Made in Preston, the website about Preston, Lancashire




Aircraft Engines

Thousands of aero-engines have been delivered to the aircraft factories of Preston. Not one of them was built in Preston. However there is a surprising amount of engine manufacturing in the area around Preston.

Lancashire County Council published a booklet called;

'Classic and Modern Aero-Engines associated with Lancashire and the North West of England'

This booklet covers a wider geographic range than this site should permit. It starts by relating to Alliott Verdon Roe who built a factory specifically for manufacturing aircraft in 1910 in Manchester. The booklet states this was the first aircraft specific factory in the world. Engines for his aircraft were built in Bolton by two brothers called Edwards who submitted a patent for an engine with 2 horizontally opposed cylinders developing 15hp. Engine power developed to 300hp by the end of the First World War.

Activity continued with a new factory in Lostock north of Bolton which was built as a 'shadow' factory for the de Havilland Airscrew Company to increase production for the Second World War. Many thousand propellors were built in the Lostock factory which continues today as a missile factory.

Also in 1939 a new factory at Clayton le Moors, Accrington, was built as a 'shadow' factory for Bristol Aeroplane Company Hercules engines which developed 1725hp. In addition an engine equipment factory was built around the same time very close-by.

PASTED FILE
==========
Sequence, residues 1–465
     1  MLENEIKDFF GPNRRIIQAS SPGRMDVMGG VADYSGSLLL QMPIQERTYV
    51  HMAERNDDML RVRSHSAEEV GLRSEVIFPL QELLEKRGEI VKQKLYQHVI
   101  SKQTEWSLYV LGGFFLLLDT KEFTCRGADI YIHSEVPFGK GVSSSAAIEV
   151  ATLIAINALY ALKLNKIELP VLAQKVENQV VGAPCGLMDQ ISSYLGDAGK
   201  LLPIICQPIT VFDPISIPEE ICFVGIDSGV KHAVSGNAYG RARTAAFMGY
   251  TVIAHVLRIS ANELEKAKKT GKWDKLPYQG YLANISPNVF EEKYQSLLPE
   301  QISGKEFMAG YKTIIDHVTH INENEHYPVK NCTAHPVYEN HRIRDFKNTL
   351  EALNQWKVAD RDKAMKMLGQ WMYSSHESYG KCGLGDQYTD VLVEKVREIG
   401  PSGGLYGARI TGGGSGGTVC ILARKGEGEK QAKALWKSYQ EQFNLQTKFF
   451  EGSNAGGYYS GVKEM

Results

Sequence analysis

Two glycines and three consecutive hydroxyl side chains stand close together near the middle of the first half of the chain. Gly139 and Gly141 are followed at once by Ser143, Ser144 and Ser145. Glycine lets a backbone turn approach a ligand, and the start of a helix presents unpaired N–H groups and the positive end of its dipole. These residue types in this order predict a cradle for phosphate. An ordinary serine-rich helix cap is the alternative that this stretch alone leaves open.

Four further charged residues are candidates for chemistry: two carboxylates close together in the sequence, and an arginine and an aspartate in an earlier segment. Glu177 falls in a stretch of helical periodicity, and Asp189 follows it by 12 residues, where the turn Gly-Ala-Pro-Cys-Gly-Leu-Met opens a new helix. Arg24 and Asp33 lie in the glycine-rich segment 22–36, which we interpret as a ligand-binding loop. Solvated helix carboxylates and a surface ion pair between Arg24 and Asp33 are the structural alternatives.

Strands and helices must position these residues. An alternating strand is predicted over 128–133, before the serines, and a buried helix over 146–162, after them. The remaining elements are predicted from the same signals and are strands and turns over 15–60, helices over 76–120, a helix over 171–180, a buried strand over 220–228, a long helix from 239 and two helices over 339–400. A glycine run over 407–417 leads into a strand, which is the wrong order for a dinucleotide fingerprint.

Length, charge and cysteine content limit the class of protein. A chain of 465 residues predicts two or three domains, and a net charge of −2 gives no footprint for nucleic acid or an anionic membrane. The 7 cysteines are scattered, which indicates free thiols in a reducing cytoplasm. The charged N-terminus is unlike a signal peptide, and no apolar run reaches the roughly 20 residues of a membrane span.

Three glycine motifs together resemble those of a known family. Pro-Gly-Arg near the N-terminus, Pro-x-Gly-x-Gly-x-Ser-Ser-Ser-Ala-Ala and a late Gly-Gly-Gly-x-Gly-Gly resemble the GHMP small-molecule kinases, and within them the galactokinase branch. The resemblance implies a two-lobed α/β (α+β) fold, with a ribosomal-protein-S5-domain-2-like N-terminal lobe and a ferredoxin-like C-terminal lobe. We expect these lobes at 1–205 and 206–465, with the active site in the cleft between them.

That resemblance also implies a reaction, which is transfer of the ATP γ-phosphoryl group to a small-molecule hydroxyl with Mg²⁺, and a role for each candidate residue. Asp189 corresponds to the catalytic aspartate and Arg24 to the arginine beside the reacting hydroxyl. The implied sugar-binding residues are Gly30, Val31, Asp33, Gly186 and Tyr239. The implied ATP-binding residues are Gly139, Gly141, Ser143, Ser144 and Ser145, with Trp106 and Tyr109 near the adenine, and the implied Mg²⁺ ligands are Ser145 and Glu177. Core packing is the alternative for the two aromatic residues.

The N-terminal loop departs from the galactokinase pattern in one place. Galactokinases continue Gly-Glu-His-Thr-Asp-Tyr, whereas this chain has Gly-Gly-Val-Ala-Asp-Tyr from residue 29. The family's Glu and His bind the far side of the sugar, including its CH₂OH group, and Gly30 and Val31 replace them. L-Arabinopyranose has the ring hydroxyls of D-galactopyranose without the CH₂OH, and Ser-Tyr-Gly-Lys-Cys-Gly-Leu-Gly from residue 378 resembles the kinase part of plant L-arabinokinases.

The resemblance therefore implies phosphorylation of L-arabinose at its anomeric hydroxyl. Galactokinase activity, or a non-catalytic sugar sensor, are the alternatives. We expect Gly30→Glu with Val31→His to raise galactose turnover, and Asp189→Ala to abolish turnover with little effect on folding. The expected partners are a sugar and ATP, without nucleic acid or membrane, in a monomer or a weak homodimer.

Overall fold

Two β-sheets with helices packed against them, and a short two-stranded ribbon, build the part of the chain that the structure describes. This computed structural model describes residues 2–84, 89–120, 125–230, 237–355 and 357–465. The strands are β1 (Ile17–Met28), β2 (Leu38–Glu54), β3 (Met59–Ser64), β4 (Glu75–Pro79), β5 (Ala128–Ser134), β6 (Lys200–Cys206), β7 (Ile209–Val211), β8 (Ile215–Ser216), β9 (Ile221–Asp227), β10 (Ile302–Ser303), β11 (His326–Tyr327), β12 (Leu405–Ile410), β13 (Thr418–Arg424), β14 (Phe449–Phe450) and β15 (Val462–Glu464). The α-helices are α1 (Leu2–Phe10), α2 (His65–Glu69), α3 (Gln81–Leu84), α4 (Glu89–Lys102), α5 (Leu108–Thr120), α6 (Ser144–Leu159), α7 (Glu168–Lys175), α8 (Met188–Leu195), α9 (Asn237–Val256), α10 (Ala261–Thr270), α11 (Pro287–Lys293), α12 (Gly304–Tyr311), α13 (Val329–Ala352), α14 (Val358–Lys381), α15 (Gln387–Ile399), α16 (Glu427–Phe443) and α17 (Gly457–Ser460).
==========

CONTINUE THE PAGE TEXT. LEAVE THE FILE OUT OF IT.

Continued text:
The Base Air Depot No.2 at Warton near Preston overhauled and repaired engines for the US Air Force throughout the war.

East Lancashire became a hotspot for engine shadow factories with both Lucas and Rover taking over former cotton mills. Barnoldswick worked on the W2 Jet Engine being built by Rover from Whittles design. In 1943 it was agreed that Rolls Royce would take over the Rover factories and produced the RB23 Welland jet engine. The first engine designed and built at Barnoldswick was the RB41 Nene engine from 1944. Also the RB65 Avon was designed at Barnoldswick. Since then the work has changed to providing parts for engines such as fan blades. The workforce was around 10,000 at both factories until about 30years ago when it started to decrease and is about 2000 now. Barnoldswick holds a special place in Rolls Royce terminology with the 'B' in RB meaning Rolls Royce Barnoldswick.

The north-west also has Metropolitan-Vickers of Manchester with their axial flow engines, Sapphire, Beryl and Freda jet engines. Also Napiers of Liverpool with their 3500hp engine.

16-Feb-2016 Contact the site author